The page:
The Nation's Voice on Mental Illness
page printed from http://www.nami.org/
Grading the States 2006: Montana - Narrative
Montana is a profoundly beautiful state with a strong culture of self-reliance. It also is a vast and relatively poor state, a combination that leads to chronic shortages of healthcare providers, low pay, and a constant challenge to provide quality services. The state also has a significant Native American population, posing its own set of unique challenges to the mental healthcare system.
Montana is the only state in the country that has as many Assertive Community Treatment (ACT) teams as employees of the state mental health agency (5). It also can be credited for taking steps to address structural problems within the oftentimes complicated mental health system. It has a competent data collection system. Services have recently been aligned with Medicaid spending through three regional nonprofit agencies, taking into account local decision making. On the latter initiative, the jury is still out on how well it will work.
What is appalling is the lack of adequate psychiatric hospital beds in Helena, especially when one considers the lack of day treatment programs. Consumers report long hauls in shackles in the back of police cars taking them to the distant state hospital. The practice is not only an assault on individual dignity, but a burden on sheriffs, who are themselves victims of the system's inadequacies. Statewide, there is a need for more inpatient beds - the supply of which is shrinking.
Criminalization of mental illness is tied to capacity issues. If there are not beds in hospitals, it is easier to put people where there are beds - in jails and prisons. Jail diversion programs are needed in Montana. The absence of housing options, providers, and Crisis Intervention Teams (CITs) help fill homeless shelters as well.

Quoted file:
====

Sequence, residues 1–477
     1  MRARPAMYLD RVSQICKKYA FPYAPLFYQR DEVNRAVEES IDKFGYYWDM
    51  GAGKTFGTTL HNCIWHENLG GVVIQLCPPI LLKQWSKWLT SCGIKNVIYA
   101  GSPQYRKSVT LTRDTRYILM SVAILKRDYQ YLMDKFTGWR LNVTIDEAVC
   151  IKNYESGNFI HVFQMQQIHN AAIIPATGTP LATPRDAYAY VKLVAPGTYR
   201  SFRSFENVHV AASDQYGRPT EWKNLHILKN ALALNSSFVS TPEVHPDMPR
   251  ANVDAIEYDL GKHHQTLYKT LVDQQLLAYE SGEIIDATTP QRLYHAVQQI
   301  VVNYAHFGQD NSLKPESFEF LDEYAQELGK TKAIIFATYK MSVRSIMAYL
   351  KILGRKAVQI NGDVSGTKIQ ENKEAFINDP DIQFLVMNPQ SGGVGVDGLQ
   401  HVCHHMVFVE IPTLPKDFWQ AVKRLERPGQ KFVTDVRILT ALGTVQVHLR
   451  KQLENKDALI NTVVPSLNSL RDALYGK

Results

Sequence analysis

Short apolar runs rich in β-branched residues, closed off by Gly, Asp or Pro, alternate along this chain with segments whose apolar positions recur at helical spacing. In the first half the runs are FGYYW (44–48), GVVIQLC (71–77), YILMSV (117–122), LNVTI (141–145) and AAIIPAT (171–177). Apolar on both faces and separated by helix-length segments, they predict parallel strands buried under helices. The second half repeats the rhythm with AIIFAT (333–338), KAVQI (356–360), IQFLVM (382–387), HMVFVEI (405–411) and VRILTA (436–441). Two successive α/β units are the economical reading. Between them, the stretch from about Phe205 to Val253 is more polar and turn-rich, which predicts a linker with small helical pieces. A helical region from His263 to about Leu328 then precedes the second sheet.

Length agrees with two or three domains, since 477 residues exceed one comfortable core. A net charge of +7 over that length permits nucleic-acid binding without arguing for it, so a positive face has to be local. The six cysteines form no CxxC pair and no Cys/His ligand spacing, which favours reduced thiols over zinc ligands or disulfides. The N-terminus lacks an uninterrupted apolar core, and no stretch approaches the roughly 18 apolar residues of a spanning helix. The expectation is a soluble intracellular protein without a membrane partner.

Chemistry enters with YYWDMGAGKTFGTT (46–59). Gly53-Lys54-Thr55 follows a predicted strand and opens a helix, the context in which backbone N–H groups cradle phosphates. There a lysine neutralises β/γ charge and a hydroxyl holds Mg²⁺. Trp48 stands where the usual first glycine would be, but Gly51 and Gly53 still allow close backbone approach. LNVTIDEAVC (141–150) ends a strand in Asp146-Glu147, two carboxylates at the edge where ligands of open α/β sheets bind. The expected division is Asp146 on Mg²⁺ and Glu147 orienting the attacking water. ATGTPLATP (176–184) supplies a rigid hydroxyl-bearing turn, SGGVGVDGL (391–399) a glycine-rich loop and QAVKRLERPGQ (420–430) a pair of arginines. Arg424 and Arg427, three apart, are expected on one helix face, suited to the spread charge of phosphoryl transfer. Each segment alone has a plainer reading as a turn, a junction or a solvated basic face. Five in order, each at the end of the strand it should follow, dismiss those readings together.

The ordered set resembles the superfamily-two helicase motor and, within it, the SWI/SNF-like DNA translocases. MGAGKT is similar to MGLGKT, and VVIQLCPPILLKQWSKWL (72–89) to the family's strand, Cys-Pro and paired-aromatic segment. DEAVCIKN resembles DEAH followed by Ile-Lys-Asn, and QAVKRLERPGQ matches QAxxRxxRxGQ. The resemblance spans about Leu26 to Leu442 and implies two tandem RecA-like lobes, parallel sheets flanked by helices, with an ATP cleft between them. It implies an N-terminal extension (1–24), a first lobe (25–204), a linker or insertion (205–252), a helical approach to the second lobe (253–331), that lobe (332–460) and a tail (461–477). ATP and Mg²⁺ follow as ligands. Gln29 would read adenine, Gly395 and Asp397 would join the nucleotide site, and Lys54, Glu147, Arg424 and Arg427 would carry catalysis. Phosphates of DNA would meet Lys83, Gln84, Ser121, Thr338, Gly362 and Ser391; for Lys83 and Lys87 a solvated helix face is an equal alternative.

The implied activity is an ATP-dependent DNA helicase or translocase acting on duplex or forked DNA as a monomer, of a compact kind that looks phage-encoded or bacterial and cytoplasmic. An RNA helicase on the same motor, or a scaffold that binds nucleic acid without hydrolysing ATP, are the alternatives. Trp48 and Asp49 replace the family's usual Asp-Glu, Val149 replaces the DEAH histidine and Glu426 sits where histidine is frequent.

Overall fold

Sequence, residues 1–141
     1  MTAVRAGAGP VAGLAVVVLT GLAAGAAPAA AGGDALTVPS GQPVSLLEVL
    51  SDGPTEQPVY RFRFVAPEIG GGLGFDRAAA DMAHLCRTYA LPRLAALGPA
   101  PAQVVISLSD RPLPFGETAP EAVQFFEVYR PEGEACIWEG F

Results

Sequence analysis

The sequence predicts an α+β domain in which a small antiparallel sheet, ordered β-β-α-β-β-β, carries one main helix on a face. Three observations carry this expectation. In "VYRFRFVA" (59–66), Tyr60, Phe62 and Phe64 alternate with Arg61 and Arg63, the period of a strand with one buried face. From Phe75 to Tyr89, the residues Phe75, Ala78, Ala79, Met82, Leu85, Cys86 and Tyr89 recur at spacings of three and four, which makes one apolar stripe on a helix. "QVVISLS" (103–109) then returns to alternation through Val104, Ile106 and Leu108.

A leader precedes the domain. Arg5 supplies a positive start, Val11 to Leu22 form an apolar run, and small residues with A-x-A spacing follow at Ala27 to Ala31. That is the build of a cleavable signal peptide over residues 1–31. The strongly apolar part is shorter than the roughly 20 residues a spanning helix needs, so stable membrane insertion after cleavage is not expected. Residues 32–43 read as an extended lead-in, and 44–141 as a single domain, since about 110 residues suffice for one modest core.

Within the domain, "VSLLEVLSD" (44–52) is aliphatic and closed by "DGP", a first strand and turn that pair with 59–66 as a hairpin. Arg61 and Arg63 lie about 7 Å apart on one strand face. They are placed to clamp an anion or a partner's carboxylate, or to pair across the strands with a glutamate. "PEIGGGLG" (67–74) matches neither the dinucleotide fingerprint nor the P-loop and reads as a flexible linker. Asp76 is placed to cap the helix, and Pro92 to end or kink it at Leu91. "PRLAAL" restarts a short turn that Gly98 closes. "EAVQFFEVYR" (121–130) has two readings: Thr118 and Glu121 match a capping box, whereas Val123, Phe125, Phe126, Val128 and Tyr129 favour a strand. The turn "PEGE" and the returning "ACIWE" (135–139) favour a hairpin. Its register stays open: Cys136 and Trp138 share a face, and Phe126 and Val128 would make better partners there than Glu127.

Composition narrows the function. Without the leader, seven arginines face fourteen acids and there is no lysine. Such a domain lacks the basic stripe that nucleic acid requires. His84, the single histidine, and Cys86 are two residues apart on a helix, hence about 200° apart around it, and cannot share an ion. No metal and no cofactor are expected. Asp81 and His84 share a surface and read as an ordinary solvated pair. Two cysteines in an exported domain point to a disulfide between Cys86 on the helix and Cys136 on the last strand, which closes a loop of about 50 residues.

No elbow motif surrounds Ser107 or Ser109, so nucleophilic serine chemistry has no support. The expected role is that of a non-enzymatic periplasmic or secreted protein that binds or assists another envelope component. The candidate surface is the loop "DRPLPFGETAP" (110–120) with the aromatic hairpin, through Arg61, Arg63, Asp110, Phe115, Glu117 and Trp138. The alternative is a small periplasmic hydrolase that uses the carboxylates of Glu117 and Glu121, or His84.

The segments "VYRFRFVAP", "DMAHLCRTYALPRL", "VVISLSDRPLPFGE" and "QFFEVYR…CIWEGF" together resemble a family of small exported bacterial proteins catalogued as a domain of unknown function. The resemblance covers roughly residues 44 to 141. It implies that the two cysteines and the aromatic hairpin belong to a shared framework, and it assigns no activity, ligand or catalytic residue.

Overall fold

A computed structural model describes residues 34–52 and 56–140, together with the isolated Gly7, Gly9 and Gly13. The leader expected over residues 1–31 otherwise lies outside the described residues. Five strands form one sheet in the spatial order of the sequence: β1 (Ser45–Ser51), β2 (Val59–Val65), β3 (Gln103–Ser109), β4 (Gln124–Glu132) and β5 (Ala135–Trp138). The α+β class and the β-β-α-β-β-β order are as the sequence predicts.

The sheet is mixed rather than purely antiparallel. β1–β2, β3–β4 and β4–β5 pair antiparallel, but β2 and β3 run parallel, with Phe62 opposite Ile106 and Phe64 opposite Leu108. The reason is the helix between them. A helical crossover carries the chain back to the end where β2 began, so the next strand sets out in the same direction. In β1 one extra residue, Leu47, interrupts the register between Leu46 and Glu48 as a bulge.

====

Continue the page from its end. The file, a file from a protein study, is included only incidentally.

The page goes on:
ACT teams in Missoula, Bozeman, Billings, Great Falls, and Helena reflect a sensible deployment and a significant achievement. From the perspective of an overall system of care, however, without beds, the ACT teams are like an airplane trying to fly on only a wing and a prayer. Big Sky horizons need to be broader.
Alcohol abuse and co-occurring disorders have been a major problem for Montana, causing the state to consult national experts and develop a plan to address the problem. At a larger level, the Montana legislature has made efforts toward reducing its many highway deaths by outlawing open alcohol containers in vehicles. With alcohol and depression oftentimes underlying suicide, Montana has realized that it has to try to curb the high numbers of suicides in the state. NAMI applauds this first attempt to do just that.
Families and consumers help to get things done in the Big Sky State. It is difficult to see how progress is made at all, given the tiny infrastructure in the state. With such a small existing infrastructure, consumer and family involvement is essential to develop appropriate services. NAMI Montana's advocacy in helping support the development of ACT teams statewide, the first Crisis Intervention Training (CIT) for law enforcement officers in Helena, and consumer and provider education programs has been instrumental in creating services that really work for the people they are intended to help.
Montana's mental healthcare system has the feel of a rural "barn raising" philosophy - people working together with their limited raw materials. Yet if you are a Native American Indian consumer, you may not be connected. There has been little success in bringing this population sector to the table. While this is a challenge with a difficult history, Montana could be a leader here, given its relative success in being consumer- and family-driven.